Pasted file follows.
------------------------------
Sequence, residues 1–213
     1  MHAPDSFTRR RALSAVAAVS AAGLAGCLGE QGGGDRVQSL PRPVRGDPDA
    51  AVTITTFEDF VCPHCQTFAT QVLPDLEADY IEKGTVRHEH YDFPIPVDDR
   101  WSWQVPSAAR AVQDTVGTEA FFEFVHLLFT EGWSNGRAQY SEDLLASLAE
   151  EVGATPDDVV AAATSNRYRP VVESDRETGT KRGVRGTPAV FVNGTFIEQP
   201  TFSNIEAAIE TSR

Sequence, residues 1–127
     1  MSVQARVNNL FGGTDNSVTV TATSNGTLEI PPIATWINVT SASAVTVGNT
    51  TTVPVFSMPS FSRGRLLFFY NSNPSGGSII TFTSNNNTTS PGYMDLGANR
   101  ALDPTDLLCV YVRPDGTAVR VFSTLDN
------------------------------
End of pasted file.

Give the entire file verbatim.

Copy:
Sequence, residues 1–213
     1  MHAPDSFTRR RALSAVAAVS AAGLAGCLGE QGGGDRVQSL PRPVRGDPDA
    51  AVTITTFEDF VCPHCQTFAT QVLPDLEADY IEKGTVRHEH YDFPIPVDDR
   101  WSWQVPSAAR AVQDTVGTEA FFEFVHLLFT EGWSNGRAQY SEDLLASLAE
   151  EVGATPDDVV AAATSNRYRP VVESDRETGT KRGVRGTPAV FVNGTFIEQP
   201  TFSNIEAAIE TSR

Sequence, residues 1–127
     1  MSVQARVNNL FGGTDNSVTV TATSNGTLEI PPIATWINVT SASAVTVGNT
    51  TTVPVFSMPS FSRGRLLFFY NSNPSGGSII TFTSNNNTTS PGYMDLGANR
   101  ALDPTDLLCV YVRPDGTAVR VFSTLDN